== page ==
Falafel, too, sometimes suffer from the flaw of premature frying, to save some effort on the part of a harried staff far more concerned with pushing out orders than getting the best possible flavor. Unfortunately, falafel set aside for an hour or so and microwaved tend to be displeasingly dry. It is, alas, a fairly common strategy, but again, home cooking comes to the rescue. I soak dry chickpeas and fava beans for a few hours, chop them in a blender, add onion, various seasonings, and salt, then shape into small balls and fry.

In this case, since I was making dinner and not eating on the run, I served the falafel more like a salad, and used the pita as a utensil. I made a little yogurt sauce with a little garlic and salt, which should actually probably be served with the cucumber, but which mysteriously snuck onto the falafel itself, in addition to coating the salad.

Not a disappearing act, and grilled donut peaches

July 22, 2006, 4:38 PM

Sorry for the long delay between postings. I suffered another laptop disaster, as the graphics controller or monitor seems to have given up the ghost. I should have known that the flaky hard drive of a month or two ago was only the beginning, but I was a tad too optimistic.

Repair would likely cost as much as a comparable replacement, since that machine is now approaching 3 years old. Accordingly, I’ve decided to delay purchase of a replacement for a bit, since I have a machine at my commercial space and I can occasionally make off with Hiromi’s laptop as needed.

I’ve also been fairly busy working on unrelated things, and catching up on some necessary reading.

We have been cooking, and we’ve made more use of the nifty shichirin. We bought some white-fleshed donut peaches at Sosio’s and grilled them for dessert. Donut peaches are more interesting for their shape than their flavor, and they tend to be less sweet than comparably seasonably appropriate peaches. But grilling them a bit creates a very nice caramelization, and provides the illusion of a sweeter taste. When eaten with a little lightly sweetened mascarpone with a few drops of good vanilla extract, magical things happen.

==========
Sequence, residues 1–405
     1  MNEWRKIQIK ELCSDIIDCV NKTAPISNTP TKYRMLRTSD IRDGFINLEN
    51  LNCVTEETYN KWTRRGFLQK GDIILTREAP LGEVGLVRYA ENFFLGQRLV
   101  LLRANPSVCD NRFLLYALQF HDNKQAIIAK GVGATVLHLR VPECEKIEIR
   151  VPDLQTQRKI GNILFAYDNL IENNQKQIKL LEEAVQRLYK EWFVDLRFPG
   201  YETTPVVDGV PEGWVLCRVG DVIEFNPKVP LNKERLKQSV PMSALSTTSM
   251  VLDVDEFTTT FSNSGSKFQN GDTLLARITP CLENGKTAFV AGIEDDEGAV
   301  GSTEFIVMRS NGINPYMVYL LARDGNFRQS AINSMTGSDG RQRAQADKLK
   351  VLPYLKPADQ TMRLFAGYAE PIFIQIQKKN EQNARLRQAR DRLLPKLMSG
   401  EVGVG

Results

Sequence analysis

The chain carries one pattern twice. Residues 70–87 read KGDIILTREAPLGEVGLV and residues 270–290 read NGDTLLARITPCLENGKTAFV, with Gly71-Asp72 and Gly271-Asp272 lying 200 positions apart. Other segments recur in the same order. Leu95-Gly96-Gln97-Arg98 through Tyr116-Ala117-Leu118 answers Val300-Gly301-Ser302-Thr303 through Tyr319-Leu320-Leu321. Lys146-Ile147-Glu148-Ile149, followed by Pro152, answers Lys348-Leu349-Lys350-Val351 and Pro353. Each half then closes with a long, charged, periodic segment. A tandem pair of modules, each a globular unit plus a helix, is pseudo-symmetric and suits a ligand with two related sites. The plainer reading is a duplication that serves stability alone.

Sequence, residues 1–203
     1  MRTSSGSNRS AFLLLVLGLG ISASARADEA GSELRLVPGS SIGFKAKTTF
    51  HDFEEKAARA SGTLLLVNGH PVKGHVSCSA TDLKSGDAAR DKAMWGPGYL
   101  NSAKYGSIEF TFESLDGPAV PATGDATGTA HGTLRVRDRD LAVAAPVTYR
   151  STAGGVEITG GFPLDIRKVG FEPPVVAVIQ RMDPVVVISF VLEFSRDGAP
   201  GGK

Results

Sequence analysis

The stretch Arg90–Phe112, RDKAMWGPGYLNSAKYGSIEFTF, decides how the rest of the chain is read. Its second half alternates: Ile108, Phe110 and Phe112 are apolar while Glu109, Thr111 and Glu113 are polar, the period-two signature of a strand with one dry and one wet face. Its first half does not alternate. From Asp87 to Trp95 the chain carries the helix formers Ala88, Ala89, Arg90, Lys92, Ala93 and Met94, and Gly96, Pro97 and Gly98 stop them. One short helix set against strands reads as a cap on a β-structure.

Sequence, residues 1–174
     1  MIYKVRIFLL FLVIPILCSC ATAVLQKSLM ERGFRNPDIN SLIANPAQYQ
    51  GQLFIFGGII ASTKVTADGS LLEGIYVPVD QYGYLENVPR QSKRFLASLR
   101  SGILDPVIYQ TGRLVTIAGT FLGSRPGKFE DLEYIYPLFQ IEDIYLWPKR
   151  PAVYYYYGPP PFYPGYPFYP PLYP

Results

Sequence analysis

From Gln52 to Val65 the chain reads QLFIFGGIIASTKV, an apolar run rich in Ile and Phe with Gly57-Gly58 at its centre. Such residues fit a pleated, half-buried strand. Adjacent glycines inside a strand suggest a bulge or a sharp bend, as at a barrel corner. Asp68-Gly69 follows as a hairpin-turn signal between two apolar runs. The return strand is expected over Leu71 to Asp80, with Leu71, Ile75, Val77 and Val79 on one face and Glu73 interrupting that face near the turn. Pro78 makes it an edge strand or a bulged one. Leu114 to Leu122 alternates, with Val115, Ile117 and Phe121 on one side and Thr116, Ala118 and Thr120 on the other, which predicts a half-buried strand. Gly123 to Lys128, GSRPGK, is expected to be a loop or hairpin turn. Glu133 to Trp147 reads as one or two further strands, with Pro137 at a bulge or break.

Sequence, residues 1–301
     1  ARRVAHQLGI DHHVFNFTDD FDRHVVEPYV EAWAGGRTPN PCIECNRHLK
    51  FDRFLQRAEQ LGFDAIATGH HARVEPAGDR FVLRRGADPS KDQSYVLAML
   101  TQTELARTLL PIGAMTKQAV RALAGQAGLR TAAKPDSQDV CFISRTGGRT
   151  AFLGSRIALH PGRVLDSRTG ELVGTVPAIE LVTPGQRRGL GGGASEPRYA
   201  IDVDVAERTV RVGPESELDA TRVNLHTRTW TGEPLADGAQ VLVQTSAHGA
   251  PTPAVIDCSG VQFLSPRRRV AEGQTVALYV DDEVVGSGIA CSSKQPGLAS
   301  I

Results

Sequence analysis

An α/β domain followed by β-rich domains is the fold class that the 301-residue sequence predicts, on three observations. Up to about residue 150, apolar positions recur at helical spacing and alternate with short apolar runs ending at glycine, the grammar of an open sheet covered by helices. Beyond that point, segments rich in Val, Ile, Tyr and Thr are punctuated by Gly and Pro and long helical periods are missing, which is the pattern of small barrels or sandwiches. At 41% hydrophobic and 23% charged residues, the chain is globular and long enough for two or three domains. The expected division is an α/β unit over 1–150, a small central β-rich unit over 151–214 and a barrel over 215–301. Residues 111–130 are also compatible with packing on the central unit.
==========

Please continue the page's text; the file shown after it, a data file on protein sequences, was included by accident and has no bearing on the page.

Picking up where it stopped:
Gougères, or something like them

July 3, 2006, 9:40 PM

On the heels of my savory choux, or Gefüllte Windbeutel, I wanted to revisit the “embedded” treats we had at Pair Restaurant few weeks ago.

Unlike our last choux, these gougères have cheese right inside the choux pastry dough, instead of being sliced and stuffed. I add the cheese just after whipping the finished dough.

Gorgonzola gougères


I used a couple of cheeses that I had on hand: in this case, a bit of gorgonzola and parmesan, along with some scallions. Because they are already reasonably buttery, no further adornment is required when consumed warm, but an additional pat of butter or cream cheese wouldn’t hurt.

These don’t require a piping bag, but they’d probably look a bit more presentable if piped.

Edamame ice cream

July 1, 2006, 10:52 PM

Sure, I usually use edamame in the simplest way possible… boiled for a few minutes in salted water, and seasoned with coarse salt.

In spite of the perfect simplicity of that summer treat, I occasionally move beyond the obvious.

Several years ago, I stumbled into a special event at a Tokyo department store where I first encountered zunda with shiratama. Zunda is to edamame what anko is to azuki beans: a sweet paste, but instead of being red, it’s brilliantly green.

Thanks to that experience, I realized that edamame had a broader potential than I had first imagined. I experimented with other sweet applications.

A couple of summers ago, I made my first attempt at an edamame ice cream. It worked out well, but was a little light on the edamame flavor and heavy on the cream.

I adjusted the proportions again, using more edamame and less cream, after realizing how much fat the edamame contribute to the mix. This Wednesday, I made another batch, with some more adjustments. Now my only problem is that the ice cream is incredibly hard when it freezes, so I think I need to tweak the sugar balance to get the texure just right, but with this batch, I was very happy with the taste.

Edamame ice cream

To add to the edamame experience, I made a sort of glace of edamame, and spooned it over the ice cream when serving.

This weekend is the tail end of Sweet Pleasure's Summer Ice Cream event, so I have an excuse to consume a lot of ice cream. I’m looking forward to some other indulgences, vicarious or otherwise…

Shichirin night

June 27, 2006, 11:28 PM

We didn’t want to be indoors last night, since it was hotter inside than out. A hot kitchen in a hot apartment with no air conditioning seemed an unbearable thought, so we lit some binchoutan (Japanese charcoal) and set up the shichirin, a small table-top grill, outside on the balcony.